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H/D Shotguns?

Discussion in 'Shotguns' started by ZVP, Apr 18, 2014.

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  1. atomd

    atomd Member

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    Nah....I don't think so. A SBS might be great but it doesn't fit on or in a night stand. I also haven't come across too many people that are lesser experienced shooters that like the recoil and blast from short shotguns and a lot of rifles.

    It would be great for guys like us but you gotta keep in mind most people that have guns hardly ever if ever shoot them.....and don't usually even think about the tactics of defending their property. They go to the store, buy what they think they might like or what the guy at the store tells them (or what they read online) and they stick it in their drawer. For most people that's going to be a handgun. For me....I like variety (it's also a great never-ending excuse to buy more guns).
     
  2. MCgunner

    MCgunner Member

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    I don't really "train" with my shotguns except I do have this cheap clay tosser I like to shoot clays off of informally in the yard when I'm bored. I hunt with my shotguns, don't have any dedicated HD shotgun. I keep the handiest gun I have, also my favorite dove gun, loaded with 3 buck. It's a 20 gauge coach gun. I bought a green light to clamp on it as it's also my night time chicken coup raider medicine and it'll do on hogs in the yard, though so far, the only hog I've shot in the yard was shot with my .308. The 20, though, is handy, by the bed loaded hammers down (internal hammers, to cock requires opening the action.) All my other long guns are locked away.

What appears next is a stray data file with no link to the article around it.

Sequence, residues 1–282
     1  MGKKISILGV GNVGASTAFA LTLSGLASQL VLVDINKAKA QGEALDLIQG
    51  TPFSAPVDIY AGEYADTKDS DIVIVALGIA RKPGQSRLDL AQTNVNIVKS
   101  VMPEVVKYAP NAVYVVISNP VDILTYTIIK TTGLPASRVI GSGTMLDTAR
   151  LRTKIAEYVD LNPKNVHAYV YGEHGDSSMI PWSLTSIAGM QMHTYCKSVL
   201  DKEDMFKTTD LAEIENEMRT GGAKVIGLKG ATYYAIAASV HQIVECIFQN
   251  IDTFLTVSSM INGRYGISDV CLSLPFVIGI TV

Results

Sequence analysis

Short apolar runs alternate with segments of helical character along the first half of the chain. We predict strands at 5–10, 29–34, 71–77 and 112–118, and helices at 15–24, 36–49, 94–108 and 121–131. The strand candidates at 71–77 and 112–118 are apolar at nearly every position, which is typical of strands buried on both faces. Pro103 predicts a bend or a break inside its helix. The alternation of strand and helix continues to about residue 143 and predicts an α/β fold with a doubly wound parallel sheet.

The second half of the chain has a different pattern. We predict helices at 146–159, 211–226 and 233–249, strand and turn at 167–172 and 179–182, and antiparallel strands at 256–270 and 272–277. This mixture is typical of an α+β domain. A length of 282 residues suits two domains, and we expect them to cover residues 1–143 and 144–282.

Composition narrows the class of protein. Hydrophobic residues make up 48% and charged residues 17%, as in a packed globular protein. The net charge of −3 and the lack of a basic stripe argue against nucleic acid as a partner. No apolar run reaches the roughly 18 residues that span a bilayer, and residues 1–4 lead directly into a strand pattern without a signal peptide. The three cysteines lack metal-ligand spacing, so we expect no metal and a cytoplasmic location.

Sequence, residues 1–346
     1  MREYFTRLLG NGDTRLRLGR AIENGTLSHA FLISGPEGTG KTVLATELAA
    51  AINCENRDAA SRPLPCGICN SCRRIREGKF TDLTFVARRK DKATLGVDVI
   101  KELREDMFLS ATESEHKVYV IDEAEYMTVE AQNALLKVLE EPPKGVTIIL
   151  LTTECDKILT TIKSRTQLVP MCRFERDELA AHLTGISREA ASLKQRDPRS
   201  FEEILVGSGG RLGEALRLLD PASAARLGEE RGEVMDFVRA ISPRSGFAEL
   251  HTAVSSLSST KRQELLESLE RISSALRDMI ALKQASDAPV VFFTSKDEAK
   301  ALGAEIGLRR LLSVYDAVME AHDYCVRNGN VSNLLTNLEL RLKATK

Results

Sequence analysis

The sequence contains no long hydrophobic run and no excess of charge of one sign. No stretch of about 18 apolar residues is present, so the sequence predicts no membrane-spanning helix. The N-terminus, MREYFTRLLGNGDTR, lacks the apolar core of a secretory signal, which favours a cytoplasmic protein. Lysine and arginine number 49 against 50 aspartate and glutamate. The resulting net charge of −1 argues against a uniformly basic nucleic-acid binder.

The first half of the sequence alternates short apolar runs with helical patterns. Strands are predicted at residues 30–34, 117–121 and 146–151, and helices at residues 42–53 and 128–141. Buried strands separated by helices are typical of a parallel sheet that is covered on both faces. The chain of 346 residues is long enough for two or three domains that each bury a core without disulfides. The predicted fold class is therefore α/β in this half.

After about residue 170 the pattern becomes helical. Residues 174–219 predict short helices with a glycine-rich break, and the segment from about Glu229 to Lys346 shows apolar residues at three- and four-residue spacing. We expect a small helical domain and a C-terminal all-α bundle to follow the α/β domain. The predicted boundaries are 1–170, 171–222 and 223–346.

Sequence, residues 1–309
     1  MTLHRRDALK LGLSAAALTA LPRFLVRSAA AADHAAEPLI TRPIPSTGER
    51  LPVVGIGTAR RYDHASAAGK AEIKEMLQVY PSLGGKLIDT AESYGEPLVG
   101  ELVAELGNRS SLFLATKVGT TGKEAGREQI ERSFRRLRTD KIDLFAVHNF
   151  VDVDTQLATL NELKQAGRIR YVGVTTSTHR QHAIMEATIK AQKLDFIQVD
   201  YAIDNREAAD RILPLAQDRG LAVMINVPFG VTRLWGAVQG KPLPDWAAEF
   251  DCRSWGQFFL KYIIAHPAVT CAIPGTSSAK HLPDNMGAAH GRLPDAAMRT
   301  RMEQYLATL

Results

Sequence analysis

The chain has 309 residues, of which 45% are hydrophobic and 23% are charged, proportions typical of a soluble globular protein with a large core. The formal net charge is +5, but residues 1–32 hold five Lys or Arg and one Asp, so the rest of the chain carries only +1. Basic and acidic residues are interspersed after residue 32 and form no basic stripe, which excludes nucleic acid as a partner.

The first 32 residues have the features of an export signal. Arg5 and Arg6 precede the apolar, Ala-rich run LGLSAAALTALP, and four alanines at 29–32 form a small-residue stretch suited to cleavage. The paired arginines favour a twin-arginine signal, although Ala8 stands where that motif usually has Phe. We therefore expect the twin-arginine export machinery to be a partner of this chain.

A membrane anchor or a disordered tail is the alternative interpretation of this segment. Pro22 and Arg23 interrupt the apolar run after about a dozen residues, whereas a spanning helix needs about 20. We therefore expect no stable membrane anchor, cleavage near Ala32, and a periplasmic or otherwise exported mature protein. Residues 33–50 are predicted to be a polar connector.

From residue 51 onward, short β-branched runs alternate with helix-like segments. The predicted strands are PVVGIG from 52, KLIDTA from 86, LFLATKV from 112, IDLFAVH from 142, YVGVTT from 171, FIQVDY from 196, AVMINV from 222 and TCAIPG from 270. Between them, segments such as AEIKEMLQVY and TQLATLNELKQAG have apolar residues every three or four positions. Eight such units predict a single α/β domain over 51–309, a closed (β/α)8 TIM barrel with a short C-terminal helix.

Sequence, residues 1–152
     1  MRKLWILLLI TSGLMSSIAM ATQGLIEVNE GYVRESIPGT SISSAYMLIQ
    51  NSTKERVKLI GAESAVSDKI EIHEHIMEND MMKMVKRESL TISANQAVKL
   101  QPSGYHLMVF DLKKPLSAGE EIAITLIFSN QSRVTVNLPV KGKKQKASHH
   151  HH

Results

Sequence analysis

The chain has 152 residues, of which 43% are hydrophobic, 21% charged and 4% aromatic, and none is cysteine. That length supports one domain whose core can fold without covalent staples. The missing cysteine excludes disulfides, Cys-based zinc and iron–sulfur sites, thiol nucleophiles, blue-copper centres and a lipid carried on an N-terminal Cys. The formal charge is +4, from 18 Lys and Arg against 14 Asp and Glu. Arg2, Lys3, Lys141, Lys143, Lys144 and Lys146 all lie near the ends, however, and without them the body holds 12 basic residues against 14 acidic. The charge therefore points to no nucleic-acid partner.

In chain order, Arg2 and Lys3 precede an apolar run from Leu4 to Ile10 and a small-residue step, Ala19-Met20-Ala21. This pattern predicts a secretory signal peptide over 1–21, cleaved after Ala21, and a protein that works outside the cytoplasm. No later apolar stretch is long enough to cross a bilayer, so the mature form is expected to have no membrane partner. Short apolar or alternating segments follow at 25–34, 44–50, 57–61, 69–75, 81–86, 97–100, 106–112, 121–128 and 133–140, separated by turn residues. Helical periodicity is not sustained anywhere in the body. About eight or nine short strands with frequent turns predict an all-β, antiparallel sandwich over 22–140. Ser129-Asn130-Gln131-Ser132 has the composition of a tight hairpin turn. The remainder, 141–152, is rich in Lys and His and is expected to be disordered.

3. gym

    gym member

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    Benneli pump in 12 gauge with extended tube.
     
  4. Panzerschwein

    Panzerschwein member

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    I keep a Glock 19 next to the bedside ready to roll with a rack of the slide.

    The reason why the Winchester M12 riot gun stays in the closet, is because I live in a tiny studio apartment and by the time someone could bash through the front door, they would already be staring at me in the face!